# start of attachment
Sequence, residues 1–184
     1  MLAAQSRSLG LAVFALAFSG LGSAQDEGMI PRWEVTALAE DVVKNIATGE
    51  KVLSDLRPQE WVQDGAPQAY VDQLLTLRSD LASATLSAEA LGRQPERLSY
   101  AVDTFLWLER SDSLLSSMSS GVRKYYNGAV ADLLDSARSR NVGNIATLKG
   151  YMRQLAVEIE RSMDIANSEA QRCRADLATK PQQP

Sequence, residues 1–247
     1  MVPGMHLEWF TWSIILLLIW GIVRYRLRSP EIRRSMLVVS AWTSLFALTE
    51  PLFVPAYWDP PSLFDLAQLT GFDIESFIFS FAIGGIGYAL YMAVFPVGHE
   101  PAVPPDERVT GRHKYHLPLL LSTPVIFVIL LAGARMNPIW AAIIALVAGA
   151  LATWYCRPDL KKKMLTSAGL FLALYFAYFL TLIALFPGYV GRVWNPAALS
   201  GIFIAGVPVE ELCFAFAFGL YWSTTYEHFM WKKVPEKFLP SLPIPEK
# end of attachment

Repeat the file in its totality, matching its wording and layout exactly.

Sequence, residues 1–184
     1  MLAAQSRSLG LAVFALAFSG LGSAQDEGMI PRWEVTALAE DVVKNIATGE
    51  KVLSDLRPQE WVQDGAPQAY VDQLLTLRSD LASATLSAEA LGRQPERLSY
   101  AVDTFLWLER SDSLLSSMSS GVRKYYNGAV ADLLDSARSR NVGNIATLKG
   151  YMRQLAVEIE RSMDIANSEA QRCRADLATK PQQP

Sequence, residues 1–247
     1  MVPGMHLEWF TWSIILLLIW GIVRYRLRSP EIRRSMLVVS AWTSLFALTE
    51  PLFVPAYWDP PSLFDLAQLT GFDIESFIFS FAIGGIGYAL YMAVFPVGHE
   101  PAVPPDERVT GRHKYHLPLL LSTPVIFVIL LAGARMNPIW AAIIALVAGA
   151  LATWYCRPDL KKKMLTSAGL FLALYFAYFL TLIALFPGYV GRVWNPAALS
   201  GIFIAGVPVE ELCFAFAFGL YWSTTYEHFM WKKVPEKFLP SLPIPEK